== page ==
Subjects

urban context | urban context | history | history | growth | growth | urban development | urban development | the city | the city | storytelling | storytelling | writing | writing | landscape | landscape | place | place | narrative | narrative | urban planning | urban planning | seeing | seeing | digital photography | digital photography | digital editing | digital editing | community | community | urban revitalization | urban revitalization | neighborhood | neighborhood | development | development | urban form | urban form | downtown | downtown | inner-city | inner-city | suburb | suburb | edge city | edge city | Boston | Boston | 11.016 | 11.016 | 4.211 | 4.211

License

Content within individual OCW courses is (c) by the individual authors unless otherwise noted. MIT OpenCourseWare materials are licensed by the Massachusetts Institute of Technology under a Creative Commons License (Attribution-NonCommercial-ShareAlike). For further information see http://ocw.mit.edu/terms/index.htm

Site sourced from

http://ocw.mit.edu/rss/all/mit-allarchivedcourses.xml

Attribution

Click to get HTML | Click to get attribution | Click to get URL

All metadata

See all metadata

4.A21 Stories Without Words: Photographing the First Year (MIT) 4.A21 Stories Without Words: Photographing the First Year (MIT)

Description

The transition from high school and home to college and a new living environment can be a fascinating and interesting time, made all the more challenging and interesting by being at MIT. More than recording the first semester through a series of snapshots, this freshman seminar will attempt to teach photography as a method of seeing and a tool for better understanding new surroundings. Over the course of the semester, students will develop a body of work through a series of assignments, and then attempt to describe the conditions and emotions of their new environment in a cohesive final presentation. The transition from high school and home to college and a new living environment can be a fascinating and interesting time, made all the more challenging and interesting by being at MIT. More than recording the first semester through a series of snapshots, this freshman seminar will attempt to teach photography as a method of seeing and a tool for better understanding new surroundings. Over the course of the semester, students will develop a body of work through a series of assignments, and then attempt to describe the conditions and emotions of their new environment in a cohesive final presentation.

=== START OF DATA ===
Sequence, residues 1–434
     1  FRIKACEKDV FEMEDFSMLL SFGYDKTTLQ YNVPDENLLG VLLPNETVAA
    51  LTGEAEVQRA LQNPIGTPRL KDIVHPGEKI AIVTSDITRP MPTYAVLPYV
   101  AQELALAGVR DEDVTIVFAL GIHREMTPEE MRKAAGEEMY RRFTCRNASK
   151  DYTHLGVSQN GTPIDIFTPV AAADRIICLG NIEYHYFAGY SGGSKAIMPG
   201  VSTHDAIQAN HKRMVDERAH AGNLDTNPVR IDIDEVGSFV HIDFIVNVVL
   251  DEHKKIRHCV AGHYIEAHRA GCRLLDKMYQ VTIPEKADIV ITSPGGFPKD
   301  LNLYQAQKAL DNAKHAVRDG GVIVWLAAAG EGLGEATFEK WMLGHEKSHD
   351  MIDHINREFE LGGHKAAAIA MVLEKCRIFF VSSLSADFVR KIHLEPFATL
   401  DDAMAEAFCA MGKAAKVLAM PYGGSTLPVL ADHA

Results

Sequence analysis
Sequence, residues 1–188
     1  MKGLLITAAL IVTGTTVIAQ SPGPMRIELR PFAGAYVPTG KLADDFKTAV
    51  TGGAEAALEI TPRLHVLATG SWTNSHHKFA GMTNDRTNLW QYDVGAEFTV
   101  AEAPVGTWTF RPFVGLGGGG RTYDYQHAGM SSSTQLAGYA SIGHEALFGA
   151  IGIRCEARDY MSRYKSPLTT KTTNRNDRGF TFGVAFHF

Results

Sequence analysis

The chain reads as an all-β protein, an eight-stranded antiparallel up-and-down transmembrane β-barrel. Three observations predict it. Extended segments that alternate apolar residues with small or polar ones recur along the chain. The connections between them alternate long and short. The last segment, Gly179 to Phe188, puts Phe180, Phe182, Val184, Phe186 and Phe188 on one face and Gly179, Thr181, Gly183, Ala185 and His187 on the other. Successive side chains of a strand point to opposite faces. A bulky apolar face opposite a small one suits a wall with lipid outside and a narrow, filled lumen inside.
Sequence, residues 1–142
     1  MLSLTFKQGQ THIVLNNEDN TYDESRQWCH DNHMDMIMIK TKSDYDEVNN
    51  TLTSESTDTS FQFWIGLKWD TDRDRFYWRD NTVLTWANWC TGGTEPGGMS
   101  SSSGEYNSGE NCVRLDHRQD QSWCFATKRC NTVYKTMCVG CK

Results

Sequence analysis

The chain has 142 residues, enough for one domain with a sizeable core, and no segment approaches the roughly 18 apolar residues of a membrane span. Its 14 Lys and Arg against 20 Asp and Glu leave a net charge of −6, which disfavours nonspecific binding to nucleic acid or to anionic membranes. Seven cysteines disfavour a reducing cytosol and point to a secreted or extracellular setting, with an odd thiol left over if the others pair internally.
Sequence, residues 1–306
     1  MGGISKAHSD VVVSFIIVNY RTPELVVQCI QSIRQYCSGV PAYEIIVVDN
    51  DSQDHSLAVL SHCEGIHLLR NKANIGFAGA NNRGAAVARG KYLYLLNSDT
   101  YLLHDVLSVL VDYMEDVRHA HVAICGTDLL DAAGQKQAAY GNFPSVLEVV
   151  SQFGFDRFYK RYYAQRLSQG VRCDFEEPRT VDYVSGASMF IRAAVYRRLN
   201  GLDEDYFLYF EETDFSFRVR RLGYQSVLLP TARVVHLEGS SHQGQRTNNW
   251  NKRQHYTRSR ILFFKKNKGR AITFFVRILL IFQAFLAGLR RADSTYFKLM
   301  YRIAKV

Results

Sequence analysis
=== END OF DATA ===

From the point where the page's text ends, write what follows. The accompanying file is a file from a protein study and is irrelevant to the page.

Subjects

MIT | MIT | campus | campus | architecture | architecture | student life | student life | photography | photography | digital media | digital media | digital editing | digital editing | Photoshop | Photoshop | HTML | HTML | web design | web design | visual representation | visual representation | documentation | documentation | light | light | detail | detail | poetics | poetics | advising | advising | freshman seminar | freshman seminar | freshman experience | freshman experience | landscape | landscape | significant detail | significant detail | place | place | narrative | narrative | urban planning | urban planning | seeing | seeing | digital photography | digital photography | storytelling | storytelling | community | community | urban revitalization | urban revitalization | neighborhood | neighborhood

License

Content within individual OCW courses is (c) by the individual authors unless otherwise noted. MIT OpenCourseWare materials are licensed by the Massachusetts Institute of Technology under a Creative Commons License (Attribution-NonCommercial-ShareAlike). For further information see http://ocw.mit.edu/terms/index.htm

Site sourced from

http://ocw.mit.edu/rss/all/mit-allcourses.xml

Attribution

Click to get HTML | Click to get attribution | Click to get URL

All metadata

See all metadata

4.351 Introduction to Video (MIT) 4.351 Introduction to Video (MIT)